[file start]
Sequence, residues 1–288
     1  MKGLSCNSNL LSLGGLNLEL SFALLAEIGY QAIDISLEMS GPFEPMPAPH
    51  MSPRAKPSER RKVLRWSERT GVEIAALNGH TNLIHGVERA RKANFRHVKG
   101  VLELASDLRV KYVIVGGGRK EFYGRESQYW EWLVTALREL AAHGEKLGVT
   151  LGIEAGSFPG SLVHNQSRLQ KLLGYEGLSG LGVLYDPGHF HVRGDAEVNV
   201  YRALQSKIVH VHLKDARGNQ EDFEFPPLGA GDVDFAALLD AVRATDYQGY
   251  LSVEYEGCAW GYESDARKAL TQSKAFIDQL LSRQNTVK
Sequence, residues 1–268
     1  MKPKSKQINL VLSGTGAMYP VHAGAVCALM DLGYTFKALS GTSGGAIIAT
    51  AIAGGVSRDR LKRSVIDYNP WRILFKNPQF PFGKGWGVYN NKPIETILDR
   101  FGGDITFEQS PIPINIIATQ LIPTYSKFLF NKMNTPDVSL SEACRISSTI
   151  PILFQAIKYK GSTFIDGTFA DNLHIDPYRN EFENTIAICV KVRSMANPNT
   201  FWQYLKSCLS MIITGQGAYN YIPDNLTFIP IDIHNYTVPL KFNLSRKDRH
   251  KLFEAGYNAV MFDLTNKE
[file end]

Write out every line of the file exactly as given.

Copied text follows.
Sequence, residues 1–288
     1  MKGLSCNSNL LSLGGLNLEL SFALLAEIGY QAIDISLEMS GPFEPMPAPH
    51  MSPRAKPSER RKVLRWSERT GVEIAALNGH TNLIHGVERA RKANFRHVKG
   101  VLELASDLRV KYVIVGGGRK EFYGRESQYW EWLVTALREL AAHGEKLGVT
   151  LGIEAGSFPG SLVHNQSRLQ KLLGYEGLSG LGVLYDPGHF HVRGDAEVNV
   201  YRALQSKIVH VHLKDARGNQ EDFEFPPLGA GDVDFAALLD AVRATDYQGY
   251  LSVEYEGCAW GYESDARKAL TQSKAFIDQL LSRQNTVK
Sequence, residues 1–268
     1  MKPKSKQINL VLSGTGAMYP VHAGAVCALM DLGYTFKALS GTSGGAIIAT
    51  AIAGGVSRDR LKRSVIDYNP WRILFKNPQF PFGKGWGVYN NKPIETILDR
   101  FGGDITFEQS PIPINIIATQ LIPTYSKFLF NKMNTPDVSL SEACRISSTI
   151  PILFQAIKYK GSTFIDGTFA DNLHIDPYRN EFENTIAICV KVRSMANPNT
   201  FWQYLKSCLS MIITGQGAYN YIPDNLTFIP IDIHNYTVPL KFNLSRKDRH
   251  KLFEAGYNAV MFDLTNKE